All IT professionals and incident managers have to deal with log files from various sources almost daily. Learn how to work faster and more efficiently to get the most out of CSV files with csvkit on Linux.
CSV files are often imported into Excel or LibreOffice software before being used and analyzed. It is very practical and comfortable, as long as the files are not too big. But some log files can contain billions of rows, making it impossible to import them into spreadsheets. Or you may need to scan files remotely on headless servers without any ability to use a graphical user interface.
Fortunately, a simple solution is available on all Linux operating systems: the csvkit software.
How to install csvkit
Since the tool is available in standard repositories, it is extremely easy to install. In this article, we will be using an operating system based on Ubuntu.
Let’s run the installation in a command line shell by running:
sudo apt install csvkit
That’s it. The system now installs the tool and all necessary dependencies.
How to work on a CSV file
To illustrate our point, we are going to work on a SimpleMaps.com CSV file containing a list of cities and information about them: country, longitude, latitude, population, etc.
The first line of the CSV file shows the different column names, as is often the case with CSV files. This can be seen with the “head” command, which displays by default the first 10 lines of a file (Figure A).
How to understand the columns of the file
Now let’s start using csvcut from the command line, one of the tools built into the csvkit. Running the following command will automatically display named columns and indices (Number B):
We could then use the indexes or column names to remedy this.
How to display the selected columns
One of the most common operations when processing CSV files is to select a few columns or rearrange the columns.
To display only a few columns, let’s again use the csvcut command with the -c option. Both command lines work, to show how to use both the subscripts or the column name. In our example, we’ll use the head command again with a pipe, just to display the first few rows of the results (Figure C).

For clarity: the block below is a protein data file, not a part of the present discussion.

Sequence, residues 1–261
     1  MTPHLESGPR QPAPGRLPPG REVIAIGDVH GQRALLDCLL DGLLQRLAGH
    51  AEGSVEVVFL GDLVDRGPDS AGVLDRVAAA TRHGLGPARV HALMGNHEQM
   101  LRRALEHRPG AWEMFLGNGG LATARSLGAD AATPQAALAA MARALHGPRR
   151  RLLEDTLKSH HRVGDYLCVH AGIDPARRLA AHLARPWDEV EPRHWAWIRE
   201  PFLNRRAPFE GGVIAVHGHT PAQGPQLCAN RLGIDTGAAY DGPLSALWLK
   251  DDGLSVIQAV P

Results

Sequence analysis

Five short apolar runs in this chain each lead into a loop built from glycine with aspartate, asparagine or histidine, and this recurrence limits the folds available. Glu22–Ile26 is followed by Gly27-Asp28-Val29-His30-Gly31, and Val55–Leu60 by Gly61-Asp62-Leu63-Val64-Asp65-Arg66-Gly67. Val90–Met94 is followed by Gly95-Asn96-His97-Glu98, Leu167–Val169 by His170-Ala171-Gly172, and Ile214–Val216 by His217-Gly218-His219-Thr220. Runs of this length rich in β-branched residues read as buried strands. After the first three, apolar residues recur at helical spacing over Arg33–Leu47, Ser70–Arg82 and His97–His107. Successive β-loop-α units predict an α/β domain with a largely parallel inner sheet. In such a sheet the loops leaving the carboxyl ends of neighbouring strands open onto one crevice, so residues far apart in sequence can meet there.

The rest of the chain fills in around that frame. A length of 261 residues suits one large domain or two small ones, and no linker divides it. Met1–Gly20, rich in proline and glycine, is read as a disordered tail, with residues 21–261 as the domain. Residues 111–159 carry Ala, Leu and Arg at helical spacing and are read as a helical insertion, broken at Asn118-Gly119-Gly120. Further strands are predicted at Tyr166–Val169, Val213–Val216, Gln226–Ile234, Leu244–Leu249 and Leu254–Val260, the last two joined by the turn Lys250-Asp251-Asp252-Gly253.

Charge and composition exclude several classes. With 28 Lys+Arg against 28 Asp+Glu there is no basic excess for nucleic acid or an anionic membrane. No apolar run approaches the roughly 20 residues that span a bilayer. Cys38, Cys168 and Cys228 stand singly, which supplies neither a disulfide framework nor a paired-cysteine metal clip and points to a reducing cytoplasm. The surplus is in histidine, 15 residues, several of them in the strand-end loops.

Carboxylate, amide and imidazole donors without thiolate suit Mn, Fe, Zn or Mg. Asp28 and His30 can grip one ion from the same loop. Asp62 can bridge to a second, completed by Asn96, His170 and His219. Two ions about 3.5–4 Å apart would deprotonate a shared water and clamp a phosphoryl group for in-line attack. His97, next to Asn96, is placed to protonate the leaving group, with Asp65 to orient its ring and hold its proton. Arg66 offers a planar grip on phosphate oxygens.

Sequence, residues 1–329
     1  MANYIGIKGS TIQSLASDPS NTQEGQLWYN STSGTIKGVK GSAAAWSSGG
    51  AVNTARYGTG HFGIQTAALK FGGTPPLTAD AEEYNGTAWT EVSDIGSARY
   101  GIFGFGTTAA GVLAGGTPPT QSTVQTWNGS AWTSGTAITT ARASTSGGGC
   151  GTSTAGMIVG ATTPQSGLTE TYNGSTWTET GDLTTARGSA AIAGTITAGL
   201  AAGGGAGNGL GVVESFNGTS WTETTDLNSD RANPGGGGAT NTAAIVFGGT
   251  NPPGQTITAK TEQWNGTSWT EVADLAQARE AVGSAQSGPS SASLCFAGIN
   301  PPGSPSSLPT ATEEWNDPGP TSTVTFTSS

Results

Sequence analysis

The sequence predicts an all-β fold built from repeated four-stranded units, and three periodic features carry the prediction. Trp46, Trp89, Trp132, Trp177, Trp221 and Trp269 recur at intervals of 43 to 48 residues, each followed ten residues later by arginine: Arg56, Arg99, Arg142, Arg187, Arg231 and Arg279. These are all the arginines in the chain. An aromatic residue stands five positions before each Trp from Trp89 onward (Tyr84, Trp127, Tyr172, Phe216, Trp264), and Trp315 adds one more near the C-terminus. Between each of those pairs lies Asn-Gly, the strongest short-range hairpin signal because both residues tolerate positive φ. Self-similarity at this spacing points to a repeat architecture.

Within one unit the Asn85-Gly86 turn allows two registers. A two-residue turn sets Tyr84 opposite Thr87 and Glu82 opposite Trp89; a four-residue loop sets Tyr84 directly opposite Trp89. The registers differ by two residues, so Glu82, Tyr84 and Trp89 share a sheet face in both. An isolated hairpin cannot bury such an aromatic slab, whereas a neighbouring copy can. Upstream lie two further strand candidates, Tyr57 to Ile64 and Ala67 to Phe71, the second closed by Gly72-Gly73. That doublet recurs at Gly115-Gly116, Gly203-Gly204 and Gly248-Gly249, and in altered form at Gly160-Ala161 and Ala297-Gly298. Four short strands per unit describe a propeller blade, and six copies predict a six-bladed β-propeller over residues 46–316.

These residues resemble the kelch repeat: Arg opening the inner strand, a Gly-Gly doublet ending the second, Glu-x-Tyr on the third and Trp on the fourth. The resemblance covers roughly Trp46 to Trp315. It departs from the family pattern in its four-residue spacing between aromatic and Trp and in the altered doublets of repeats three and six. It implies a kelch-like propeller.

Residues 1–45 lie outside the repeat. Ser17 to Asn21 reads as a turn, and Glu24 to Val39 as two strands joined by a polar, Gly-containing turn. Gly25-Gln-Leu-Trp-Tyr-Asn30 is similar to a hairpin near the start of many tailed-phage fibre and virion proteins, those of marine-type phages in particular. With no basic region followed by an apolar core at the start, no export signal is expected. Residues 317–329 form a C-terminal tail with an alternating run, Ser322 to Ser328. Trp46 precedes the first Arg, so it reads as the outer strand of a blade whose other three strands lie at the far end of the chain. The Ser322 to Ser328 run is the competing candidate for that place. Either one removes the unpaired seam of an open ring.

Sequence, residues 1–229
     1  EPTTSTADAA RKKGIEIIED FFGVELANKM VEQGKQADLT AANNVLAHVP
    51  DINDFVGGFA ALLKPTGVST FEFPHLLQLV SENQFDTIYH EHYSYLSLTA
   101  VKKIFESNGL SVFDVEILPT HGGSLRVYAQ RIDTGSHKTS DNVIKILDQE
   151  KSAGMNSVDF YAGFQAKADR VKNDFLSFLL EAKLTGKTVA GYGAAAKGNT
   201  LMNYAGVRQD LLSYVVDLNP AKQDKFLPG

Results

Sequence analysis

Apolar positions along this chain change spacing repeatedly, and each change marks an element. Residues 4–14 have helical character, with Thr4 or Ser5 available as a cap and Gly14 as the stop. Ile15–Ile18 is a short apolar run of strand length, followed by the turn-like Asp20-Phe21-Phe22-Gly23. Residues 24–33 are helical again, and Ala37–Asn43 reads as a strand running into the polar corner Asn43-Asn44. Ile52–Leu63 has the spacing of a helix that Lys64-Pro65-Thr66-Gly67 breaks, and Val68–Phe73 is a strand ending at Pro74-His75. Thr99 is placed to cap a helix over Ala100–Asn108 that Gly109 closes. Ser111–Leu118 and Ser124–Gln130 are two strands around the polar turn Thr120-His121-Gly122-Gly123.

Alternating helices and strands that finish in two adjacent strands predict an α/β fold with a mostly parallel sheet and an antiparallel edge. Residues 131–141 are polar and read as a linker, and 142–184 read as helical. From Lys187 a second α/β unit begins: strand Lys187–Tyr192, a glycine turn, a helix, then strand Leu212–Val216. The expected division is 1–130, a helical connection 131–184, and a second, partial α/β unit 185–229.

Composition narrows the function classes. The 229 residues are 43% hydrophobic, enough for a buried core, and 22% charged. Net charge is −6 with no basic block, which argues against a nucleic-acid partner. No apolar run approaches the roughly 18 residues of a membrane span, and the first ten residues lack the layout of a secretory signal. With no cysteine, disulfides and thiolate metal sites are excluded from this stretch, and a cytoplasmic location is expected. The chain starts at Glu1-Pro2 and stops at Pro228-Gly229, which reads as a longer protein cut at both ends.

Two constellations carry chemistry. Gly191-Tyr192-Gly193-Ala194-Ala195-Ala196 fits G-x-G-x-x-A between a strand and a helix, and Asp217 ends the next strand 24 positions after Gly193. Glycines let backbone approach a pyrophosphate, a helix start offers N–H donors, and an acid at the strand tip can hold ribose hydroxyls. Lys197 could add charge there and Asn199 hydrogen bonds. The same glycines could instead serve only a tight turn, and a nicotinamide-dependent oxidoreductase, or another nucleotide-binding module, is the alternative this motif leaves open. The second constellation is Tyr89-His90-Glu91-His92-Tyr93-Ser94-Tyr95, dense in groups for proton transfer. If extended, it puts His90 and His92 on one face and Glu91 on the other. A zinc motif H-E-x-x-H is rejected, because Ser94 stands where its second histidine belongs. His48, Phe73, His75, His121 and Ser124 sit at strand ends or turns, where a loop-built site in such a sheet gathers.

csvcut -c 1,5,10
csvcut -c city,country,population
If we want to add row numbers to the output, the -l option comes to the rescue and adds a new column named line_number to our output (Number D).
The output can of course be redirected to a new file. To do this, we redirect the output to a file using the> character. From our previous example:
csvcut -l -c city,country,population worldcities.csv > newfile.csv
How to change the order of the columns
Using csvcut we can also create output that rearranges the columns. All we need is to specify the columns, and the tool will display it accordingly (Figure E).
How to sort data with csvsort
You can sort the data using the csvsort command. Similar to csvcut, csvsort allows the use of the -n option to list columns and -c to use either the column index or the column name.
By default, csvsort works in ascending mode, but it is possible to use the -r option to sort in descending mode.
Let’s sort our file by country name, in descending order (Figure F):
csvsort -r -c country worldwities.csv
You can sort multiple columns: just use them with the -c option (Number G). The following line will sort our data in descending mode by country and by population:
csvsort -r -c country,population worldcities.csv
How to combine csvcut and csvsort
Csvsort is powerful but it still generates all the columns. By combining csvcut and csvsort, we can perform any type of output or sort.
For example, let’s extract only the city name, country name, latitude, longitude and sort these columns by latitude (Number H).
csvcut -c city,country,lat worldcities.csv | csvsort -c lat
How to get a more enjoyable ride
If you want nicer output, the csvlook command allows you to render the CSV output in a Markdown-compatible fixed-width format.
From our previous example, we just run the csvlook command at the end of our line (Number I):
csvcut -c city,country,lat worldcities.csv | csvsort -c lat | csvlook
How to get statistics with csvstat
The csvstat command can be used to obtain various statistics on the CSV file.
Executed with no arguments except the filename, it provides detailed statistics for each column. It is also possible to use the -c option to display the selected columns (Figure J).
csvstat -c country
It is possible to adjust the output of the command using different options.
To extract the unique values from the country column, we can use the –unique (Number K).
For a list of all csvstat options, please enter the following command:
Csvkit contains several different command line tools that make it easy for IT professionals and people who need to work with large CSV files to do so from the command line. The ability to combine these tools including csvcut and csvsort makes it very powerful and should meet all professional needs.
Moreover, it is also possible to use csvkit to convert XLS and JSON files to CSV before parsing them or using them with command line tools.
Disclosure: I work for Trend Micro, but the opinions expressed in this article are my own.